By Ayesha Rascoe
WASHINGTON (Reuters) - President Donald Trump will unveil a plan on Monday to combat the opioid addiction crisis that includes seeking the death penalty for drug dealers and urging Congress to toughen sentencing laws for drug traffickers, White House officials said on Sunday.
The White House plan will also seek to cut opioid prescriptions by a third over the next three years by promoting practices that reduce overprescription of opioids in federal healthcare programs, officials told a news briefing.
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Trump will outline his proposals at an event in New Hampshire, which has been hit hard by the opioid epidemic.
The roll out of the plan will be the latest White House action aimed at addressing a U.S. drug abuse crisis that is causing thousands of overdose deaths a year. Trump has said the United States will need "toughness" to reverse these trends.
"The Department of Justice will seek the death penalty against drug traffickers when it's appropriate under current law," said Andrew Bremberg, director of Trump's Domestic Policy Council, in the briefing detailing the plan.
The White House did not offer any specific examples of when it would be appropriate to seek the death penalty for drug dealers and referred further questions to the Justice Department.
Current federal law allows for the death penalty in certain drug cases including murder related to a drug trafficking offense and murder committed during a drug-related drive-by shooting, according to the Death Penalty Information Center, a nonprofit capital punishment monitor.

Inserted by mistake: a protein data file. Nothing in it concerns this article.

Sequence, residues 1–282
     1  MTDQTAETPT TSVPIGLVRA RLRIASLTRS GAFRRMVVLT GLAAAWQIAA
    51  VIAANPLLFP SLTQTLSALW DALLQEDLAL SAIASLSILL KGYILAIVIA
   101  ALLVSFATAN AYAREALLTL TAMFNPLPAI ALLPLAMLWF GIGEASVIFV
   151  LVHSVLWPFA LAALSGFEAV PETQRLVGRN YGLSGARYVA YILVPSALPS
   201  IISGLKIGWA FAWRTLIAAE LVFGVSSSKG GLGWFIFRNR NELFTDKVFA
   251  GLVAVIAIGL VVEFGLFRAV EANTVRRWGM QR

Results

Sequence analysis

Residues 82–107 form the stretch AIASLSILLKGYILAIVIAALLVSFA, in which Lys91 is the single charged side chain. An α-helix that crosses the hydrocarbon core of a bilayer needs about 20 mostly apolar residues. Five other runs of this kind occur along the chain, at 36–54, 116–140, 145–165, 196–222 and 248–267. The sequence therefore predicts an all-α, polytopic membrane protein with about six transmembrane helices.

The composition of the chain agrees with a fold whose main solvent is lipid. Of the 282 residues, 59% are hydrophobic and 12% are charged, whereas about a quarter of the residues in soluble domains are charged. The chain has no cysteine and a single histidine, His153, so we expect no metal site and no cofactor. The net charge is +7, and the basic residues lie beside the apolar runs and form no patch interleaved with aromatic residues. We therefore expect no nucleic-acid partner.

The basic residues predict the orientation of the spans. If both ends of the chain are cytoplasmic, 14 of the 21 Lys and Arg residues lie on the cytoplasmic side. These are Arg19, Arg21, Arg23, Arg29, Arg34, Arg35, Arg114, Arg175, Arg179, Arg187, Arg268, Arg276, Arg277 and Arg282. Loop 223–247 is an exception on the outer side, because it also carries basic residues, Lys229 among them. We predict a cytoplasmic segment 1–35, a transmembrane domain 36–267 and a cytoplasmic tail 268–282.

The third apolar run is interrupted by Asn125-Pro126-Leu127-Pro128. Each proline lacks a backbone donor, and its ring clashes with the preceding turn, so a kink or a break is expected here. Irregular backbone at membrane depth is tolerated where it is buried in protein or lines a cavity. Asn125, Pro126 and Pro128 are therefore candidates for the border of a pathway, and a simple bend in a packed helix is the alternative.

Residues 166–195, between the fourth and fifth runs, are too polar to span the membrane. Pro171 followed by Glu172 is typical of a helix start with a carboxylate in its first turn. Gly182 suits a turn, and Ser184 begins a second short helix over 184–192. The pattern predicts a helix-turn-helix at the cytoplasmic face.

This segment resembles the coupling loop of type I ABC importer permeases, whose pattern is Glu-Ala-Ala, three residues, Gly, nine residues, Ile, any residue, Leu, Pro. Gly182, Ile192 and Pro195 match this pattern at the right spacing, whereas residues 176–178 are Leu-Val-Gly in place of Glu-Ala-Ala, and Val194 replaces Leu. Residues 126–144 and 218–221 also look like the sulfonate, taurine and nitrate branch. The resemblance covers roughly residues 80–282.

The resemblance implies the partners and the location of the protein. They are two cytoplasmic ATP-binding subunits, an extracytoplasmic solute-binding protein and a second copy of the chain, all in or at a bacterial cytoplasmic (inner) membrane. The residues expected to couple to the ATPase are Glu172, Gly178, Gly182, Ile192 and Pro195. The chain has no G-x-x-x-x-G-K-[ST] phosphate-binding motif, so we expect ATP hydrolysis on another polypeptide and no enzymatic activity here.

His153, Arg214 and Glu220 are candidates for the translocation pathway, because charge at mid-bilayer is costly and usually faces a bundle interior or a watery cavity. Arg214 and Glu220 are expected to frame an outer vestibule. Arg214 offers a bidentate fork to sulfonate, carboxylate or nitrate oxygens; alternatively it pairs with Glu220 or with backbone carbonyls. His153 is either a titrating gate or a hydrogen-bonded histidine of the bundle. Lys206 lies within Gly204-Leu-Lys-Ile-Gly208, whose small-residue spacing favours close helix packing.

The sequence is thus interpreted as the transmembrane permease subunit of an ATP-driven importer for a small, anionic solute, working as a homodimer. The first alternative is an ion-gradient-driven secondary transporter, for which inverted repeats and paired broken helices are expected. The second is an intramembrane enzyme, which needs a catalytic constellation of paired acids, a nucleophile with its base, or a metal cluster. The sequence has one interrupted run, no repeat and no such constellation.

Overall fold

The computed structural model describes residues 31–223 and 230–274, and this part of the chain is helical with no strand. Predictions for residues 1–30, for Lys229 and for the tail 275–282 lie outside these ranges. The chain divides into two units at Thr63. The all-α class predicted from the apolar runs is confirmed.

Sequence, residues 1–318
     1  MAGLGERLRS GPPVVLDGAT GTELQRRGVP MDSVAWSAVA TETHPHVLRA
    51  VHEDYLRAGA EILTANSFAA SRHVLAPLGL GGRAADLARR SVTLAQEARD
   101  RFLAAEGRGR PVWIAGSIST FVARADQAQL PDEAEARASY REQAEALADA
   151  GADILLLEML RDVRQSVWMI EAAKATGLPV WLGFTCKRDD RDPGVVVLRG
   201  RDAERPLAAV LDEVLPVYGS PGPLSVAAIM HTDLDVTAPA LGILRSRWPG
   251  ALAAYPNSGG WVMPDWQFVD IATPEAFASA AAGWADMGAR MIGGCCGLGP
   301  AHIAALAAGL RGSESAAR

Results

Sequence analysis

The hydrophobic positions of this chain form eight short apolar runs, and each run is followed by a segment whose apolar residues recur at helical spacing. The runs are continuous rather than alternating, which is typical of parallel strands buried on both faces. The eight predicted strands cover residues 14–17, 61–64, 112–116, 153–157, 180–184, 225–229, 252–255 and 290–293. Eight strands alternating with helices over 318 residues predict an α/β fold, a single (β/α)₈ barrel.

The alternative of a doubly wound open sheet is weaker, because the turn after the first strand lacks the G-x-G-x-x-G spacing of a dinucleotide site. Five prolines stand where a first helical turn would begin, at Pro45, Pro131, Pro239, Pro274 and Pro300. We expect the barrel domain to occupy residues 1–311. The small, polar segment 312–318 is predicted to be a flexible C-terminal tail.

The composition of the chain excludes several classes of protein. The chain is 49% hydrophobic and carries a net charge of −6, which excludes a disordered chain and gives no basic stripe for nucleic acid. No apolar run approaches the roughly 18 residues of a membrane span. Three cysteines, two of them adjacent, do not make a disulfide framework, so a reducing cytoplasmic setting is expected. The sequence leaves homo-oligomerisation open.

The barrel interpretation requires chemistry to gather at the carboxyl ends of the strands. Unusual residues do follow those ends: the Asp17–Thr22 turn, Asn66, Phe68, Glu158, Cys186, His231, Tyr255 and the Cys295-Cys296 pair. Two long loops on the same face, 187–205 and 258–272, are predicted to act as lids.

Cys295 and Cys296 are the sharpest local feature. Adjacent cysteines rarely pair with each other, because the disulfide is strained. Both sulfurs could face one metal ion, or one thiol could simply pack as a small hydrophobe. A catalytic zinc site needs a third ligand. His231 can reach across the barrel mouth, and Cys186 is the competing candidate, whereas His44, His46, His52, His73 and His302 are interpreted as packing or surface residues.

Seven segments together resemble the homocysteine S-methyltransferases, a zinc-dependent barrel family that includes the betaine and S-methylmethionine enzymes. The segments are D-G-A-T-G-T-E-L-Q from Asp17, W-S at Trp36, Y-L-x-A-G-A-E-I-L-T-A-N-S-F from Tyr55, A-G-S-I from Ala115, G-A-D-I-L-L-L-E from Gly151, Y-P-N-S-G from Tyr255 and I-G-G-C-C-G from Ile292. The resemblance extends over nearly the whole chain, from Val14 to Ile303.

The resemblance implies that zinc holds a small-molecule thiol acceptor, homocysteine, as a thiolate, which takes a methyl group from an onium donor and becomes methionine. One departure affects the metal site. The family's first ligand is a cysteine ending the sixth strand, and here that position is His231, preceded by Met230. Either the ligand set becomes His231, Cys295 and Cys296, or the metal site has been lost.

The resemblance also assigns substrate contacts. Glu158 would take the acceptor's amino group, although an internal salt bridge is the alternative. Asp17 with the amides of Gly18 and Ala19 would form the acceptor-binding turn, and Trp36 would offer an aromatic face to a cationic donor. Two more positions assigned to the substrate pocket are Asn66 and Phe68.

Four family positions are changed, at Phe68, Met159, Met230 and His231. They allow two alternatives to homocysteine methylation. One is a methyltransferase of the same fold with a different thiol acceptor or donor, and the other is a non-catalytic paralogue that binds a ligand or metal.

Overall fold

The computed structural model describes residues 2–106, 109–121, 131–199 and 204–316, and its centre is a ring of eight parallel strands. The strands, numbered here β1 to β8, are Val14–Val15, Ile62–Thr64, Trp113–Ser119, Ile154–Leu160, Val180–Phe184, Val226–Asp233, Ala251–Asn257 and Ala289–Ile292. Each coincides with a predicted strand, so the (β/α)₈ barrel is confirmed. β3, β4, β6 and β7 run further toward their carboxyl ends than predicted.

It is unclear how this new plan will affect federal prosecutions.
Trump raised the issue of using the death penalty for drug dealers at a rally in Pennsylvania earlier this month. He has repeatedly said individual drug dealers are responsible for thousands of deaths.
The White House is also asking lawmakers to lower the amount of drug possession that triggers mandatory minimum sentences for certain opioids "to match the new reality of drugs like fentanyl, which are lethal in much, much smaller doses," Bremberg said.
According to the Centers for Disease Control and Prevention, 42,000 people died from opioid overdoses in 2016, the latest year with publicly available data.
In addition to pursuing street dealers, the plan directs the Justice Department to aggressively go after criminally negligent doctors and pharmacies and to take criminal and civil actions against opioid manufacturers that break the law.
The proposals will also seek to help those addicted to opioids by expanding access to treatment facilities.
(Additional reporting by Pete Schroeder; Editing by Peter Cooney and Sandra Maler)